Pros of a Canister Fuel System
· Often super small and lightweight
· Quick and easy to set up and light
· Doesn’t require as much
· No worry about fuel spills
Cons of a Canister Fuel System
· Often have a small base support and is better for smaller pots
· Canisters don’t function as well in colder weather
· Its tricky to know how much fuel you have left
· You waste a canister bottle when its finished
Regulated vs Non-regulated
The next thing to toss-up between is a regulated and a non-regulated system. A regulated system means you are able to control your heat levels, simmer food and cook -which is perfect if you’re heating up your own meals or want to heat food all the way through without burning.
A non-regulated system is made to boil now, with no simmer settings. This type of stove is ideal for people who regularly eat dehydrated meals such as Local Dehy or Radix or are looking for frequent coffee and tea stops. These systems have lightning quick boil times but are just made to hold water.
You can see these types of systems throughout the Jetboil range. Jetboil have an integrated pot system (all in one) that feature both the regulated and non-regulated systems. The MiniMo and the Flash are two great ones to compare. The stoves have two different shaped pots indicating that the flash (Tall and skinny) is a non- regulated system, tall to follow the heat and get the fastest boil time. The MiniMo (short and wide) is a regulated system and is wider so you can stir food throughout and allow for a simmer.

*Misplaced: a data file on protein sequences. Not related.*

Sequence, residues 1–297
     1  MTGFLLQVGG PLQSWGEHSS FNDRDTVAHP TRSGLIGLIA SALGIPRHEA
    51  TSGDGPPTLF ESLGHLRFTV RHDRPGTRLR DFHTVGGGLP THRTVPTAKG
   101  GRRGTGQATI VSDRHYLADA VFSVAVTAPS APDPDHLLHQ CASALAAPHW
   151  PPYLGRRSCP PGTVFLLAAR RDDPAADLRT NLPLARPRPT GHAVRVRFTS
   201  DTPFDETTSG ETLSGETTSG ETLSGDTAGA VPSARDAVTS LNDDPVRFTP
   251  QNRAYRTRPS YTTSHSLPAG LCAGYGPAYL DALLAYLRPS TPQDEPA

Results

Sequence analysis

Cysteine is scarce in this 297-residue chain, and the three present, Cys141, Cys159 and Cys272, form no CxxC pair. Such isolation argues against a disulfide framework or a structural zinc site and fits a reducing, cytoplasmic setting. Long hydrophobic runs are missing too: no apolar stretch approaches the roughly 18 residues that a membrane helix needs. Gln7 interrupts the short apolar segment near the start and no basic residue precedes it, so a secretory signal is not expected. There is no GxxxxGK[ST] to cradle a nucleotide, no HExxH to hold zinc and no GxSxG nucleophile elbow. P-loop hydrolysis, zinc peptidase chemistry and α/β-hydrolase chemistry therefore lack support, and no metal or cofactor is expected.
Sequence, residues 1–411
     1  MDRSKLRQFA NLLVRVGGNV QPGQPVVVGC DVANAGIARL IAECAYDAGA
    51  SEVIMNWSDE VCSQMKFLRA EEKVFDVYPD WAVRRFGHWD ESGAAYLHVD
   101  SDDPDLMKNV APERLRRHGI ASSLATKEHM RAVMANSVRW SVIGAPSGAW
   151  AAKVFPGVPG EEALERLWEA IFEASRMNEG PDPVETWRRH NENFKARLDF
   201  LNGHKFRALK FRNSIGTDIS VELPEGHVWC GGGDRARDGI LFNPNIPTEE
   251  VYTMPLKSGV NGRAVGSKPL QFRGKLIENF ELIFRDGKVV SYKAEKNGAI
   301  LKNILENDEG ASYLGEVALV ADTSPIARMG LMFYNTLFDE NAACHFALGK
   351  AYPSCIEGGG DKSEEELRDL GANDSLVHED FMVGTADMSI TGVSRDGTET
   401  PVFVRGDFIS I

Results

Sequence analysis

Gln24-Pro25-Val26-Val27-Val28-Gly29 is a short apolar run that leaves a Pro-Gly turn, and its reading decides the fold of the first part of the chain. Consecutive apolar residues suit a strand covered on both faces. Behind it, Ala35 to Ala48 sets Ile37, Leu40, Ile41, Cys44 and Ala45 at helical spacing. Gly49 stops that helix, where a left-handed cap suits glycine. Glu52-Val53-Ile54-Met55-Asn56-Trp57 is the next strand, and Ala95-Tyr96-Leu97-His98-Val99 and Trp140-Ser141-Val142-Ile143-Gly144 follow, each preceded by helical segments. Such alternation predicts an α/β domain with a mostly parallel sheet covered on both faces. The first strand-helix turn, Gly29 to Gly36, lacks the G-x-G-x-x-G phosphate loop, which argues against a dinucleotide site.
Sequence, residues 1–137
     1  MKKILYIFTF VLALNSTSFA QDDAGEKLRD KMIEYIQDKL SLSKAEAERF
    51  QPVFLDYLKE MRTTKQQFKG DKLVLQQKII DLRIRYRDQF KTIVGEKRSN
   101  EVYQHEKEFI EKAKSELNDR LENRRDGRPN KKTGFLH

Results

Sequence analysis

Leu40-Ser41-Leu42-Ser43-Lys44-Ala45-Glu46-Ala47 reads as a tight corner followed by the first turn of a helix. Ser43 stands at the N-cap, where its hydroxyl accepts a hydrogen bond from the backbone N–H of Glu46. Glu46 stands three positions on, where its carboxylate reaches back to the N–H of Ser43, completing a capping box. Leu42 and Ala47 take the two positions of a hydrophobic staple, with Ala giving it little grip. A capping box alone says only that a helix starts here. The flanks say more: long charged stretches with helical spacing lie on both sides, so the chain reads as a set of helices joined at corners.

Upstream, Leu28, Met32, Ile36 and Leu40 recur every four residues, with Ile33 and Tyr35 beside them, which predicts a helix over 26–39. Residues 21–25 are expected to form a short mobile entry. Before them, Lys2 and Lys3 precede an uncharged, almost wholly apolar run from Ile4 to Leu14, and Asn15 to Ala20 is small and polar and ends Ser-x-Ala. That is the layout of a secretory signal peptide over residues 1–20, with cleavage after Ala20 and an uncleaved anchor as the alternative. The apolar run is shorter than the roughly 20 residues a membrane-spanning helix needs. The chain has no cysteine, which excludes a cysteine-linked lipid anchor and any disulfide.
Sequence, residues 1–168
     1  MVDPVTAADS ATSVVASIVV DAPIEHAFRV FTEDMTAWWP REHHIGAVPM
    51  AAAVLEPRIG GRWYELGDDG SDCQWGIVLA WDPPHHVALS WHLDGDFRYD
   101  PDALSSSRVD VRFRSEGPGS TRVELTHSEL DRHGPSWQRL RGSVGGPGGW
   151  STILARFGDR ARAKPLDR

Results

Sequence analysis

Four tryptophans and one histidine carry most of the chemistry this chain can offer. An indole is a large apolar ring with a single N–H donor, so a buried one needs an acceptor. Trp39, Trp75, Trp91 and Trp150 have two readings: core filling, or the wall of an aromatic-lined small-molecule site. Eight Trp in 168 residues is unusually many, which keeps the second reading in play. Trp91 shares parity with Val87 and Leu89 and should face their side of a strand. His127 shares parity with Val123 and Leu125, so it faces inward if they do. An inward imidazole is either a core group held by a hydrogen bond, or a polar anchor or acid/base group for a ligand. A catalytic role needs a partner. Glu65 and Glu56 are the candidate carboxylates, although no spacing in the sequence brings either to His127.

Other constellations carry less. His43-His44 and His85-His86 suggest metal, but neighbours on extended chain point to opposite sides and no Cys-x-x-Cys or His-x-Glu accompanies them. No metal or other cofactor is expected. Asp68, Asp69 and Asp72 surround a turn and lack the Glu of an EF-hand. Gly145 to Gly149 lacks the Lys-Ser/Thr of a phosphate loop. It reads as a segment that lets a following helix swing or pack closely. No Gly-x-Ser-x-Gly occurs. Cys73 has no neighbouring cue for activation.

Another factor is stability. Keep in mind how many people you’re cooking for and how big your pot size will be. Often small, light systems that screw onto a gas canisters have little support arms for your pot and a little burner. If you put a bigger pot on this it might get a bit unstable, and the small burner makes for a centralised heat (hot spot). Systems that use a hose connector have their own base support legs and generally a larger burner which makes these ideal for larger pots and are a stable cooking surface.
5 things to consider when choosing a camping stove:
1. What weather conditions will you be in? If it's snowy or freezing some types of fuel will struggle more than others.
2. Is weight important? There are both light-weight and heavier options when it comes to both stoves and fuel sources.
3. Are you just boiling water to rehydrate meals and make hot drinks? Or do you plan on actually cooking food over the heat? This will determine if you need a regulated or non-regulated system.
4. How stable do you need your camping stove to be? Are you using big pots that need a wider base?
5. Is having a refillable fuel source important? Liquid fuel containers can be refilled, not just thrown away (Making it more eco-friendly too!)
Written by Further Faster's own Lana, who you can regularly find in the mountains, exploring NZ - and when she's not adventuring you can find her in store to answer all your stove related questions (or any other adventure questions!)
If you enjoyed this blog, here's another one you may find useful: How to choose the best hiking boots.